There's Such A Lot of World To See

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Now to see if I can get back on track.

I’ve never read a book on the South. Never wanted to. I’ve never thought of myself as a Southerner nor a Georgian. Being an American doesn’t make me feel warm and fuzzy but it has proved pretty agreeable. The obvious examples of where you don’t want to be born are places like Cambodia and Bangladesh. Less obviously you could’ve been a white person in South African during apartheid.

But I do think of myself as a Savannah boy. (Caveat: everything I’m going to say about Savannah may no longer true, likely much of it was never true.)

Savannah was one of the original colonial settlements; one of the details that funds its great self-love. Lots of American towns and cities are conspicuous in their self-admiration: San Francisco and New York for reasons I’d never fuss about. The men of Houston much love themselves for their manliness and oil money. Los Angeles is likely illimitably proud of its role as the major supplier of American tackiness and prepackaged, just add water pap. I wouldn’t argue with them either. Somebody gets to be the source of ‘national character’ – why not them?

In the 7th grade I was dragooned into the required Georgia History course. The teacher sure had an easy time of it. Most days all she did was show us tapes about Georgia history. A dim recollection of seeing a list of Georgia’s colonial exports is the only recollection that survives. I think she may have actually loved the subject but had no gift for imparting it. Which would be a real challenge with an audience of thirteen year olds.

Having passed their statues often I know that General Oglethorpe founded the colony. It was his kindly way of getting lots of people out of debtor’s prison. And he got John Wesley to come over. Wesley didn’t have a happy stay but all of the Methodist churches in the South show that he had more influence than he could’ve ever guessed. And people never tired of saying that before the War Between the States (better known as the Civil War, when I was little I didn’t know they were the same war) Savannah’s port was as busy as New York City’s.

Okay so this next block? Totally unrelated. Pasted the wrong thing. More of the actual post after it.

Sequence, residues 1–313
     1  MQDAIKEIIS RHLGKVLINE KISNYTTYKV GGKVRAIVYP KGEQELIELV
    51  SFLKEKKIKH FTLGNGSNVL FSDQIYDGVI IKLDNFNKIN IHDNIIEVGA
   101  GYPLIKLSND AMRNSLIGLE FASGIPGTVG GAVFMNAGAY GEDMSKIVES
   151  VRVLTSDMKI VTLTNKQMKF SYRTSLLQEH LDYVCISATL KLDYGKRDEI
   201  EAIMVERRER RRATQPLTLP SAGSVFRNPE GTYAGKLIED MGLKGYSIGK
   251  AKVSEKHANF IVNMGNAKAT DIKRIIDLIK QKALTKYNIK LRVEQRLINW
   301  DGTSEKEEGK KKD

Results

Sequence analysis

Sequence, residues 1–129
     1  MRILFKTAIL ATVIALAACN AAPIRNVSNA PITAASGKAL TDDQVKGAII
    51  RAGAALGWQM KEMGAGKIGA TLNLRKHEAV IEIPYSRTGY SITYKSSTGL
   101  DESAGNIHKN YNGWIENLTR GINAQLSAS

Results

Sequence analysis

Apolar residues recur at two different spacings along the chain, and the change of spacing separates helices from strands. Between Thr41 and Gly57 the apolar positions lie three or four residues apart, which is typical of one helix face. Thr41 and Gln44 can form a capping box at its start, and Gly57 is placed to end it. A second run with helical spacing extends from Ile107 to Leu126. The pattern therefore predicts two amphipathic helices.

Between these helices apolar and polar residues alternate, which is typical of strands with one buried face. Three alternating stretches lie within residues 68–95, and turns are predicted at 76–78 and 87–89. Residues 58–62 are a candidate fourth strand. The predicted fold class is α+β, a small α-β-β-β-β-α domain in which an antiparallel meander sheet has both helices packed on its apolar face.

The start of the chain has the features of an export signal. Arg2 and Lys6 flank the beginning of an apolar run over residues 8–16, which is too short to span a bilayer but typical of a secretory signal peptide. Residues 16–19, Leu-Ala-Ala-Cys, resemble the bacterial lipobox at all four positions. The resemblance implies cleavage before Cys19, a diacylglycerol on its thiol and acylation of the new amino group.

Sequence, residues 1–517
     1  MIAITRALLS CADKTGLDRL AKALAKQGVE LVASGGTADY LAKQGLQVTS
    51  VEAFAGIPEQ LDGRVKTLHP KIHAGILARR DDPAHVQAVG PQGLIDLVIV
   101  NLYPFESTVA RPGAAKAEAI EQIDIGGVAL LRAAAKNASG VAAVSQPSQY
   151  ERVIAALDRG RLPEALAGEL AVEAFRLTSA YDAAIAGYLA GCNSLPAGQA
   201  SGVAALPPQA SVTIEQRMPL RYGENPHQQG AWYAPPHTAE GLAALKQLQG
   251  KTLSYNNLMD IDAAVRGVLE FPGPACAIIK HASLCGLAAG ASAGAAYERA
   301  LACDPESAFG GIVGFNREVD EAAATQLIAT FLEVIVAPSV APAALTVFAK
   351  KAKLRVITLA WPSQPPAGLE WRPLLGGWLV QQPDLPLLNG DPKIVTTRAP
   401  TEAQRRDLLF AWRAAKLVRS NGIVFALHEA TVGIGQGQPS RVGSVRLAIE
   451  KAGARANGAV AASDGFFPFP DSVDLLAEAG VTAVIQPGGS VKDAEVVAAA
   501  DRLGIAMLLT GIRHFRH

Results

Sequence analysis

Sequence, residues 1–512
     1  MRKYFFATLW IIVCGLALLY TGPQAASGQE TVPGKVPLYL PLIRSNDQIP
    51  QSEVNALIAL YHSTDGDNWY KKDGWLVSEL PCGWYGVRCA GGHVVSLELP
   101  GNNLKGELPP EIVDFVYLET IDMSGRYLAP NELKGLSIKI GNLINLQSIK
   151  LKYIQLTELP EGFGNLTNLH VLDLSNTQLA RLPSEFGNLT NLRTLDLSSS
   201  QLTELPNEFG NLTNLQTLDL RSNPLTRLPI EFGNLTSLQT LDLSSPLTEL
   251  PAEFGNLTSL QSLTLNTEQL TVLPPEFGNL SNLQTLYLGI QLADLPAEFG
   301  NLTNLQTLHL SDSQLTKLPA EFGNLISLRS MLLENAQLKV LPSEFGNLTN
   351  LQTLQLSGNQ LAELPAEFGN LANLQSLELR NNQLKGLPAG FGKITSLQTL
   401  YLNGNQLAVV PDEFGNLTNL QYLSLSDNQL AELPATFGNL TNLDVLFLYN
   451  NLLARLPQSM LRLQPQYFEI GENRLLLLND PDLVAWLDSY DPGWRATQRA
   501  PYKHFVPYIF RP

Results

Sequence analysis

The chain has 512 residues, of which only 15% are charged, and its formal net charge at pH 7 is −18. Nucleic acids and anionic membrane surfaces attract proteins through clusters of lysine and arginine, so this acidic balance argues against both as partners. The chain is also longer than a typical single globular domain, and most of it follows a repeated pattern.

That exhausts the bulk of what I know about Savannah’s past. Thanks to the signs that little the downtown Colonial District I learned that George Washington really did sleep somewhere thereabouts, Flannery O’Connor had been around and that the oldest church organ in America is sitting in one of the local churches.

During my early elementary school years I lived across from an old colonial cemetery. The plaque above his grave was a regular reminder that Button Gwinnette signed the Declaration of Independence.

That really does sum up all I know about Savannah’s history. Not having been there in almost twenty years the only thing I know about its present is that the elementary school

I’ll add one bit of trivia. Long years ago Victor’s wife, Nancy mentioned that her uncle was Johnny Mercer. That he’d founded Capitol Records meant nothing to me. Had she told me he’d written Moon River I’d have been impressed. Now I enjoy him both as a singer and a lyricist. His old Savannah home is maintained by a determined fan.

I’d been going to is now The Savannah College of Art & Design.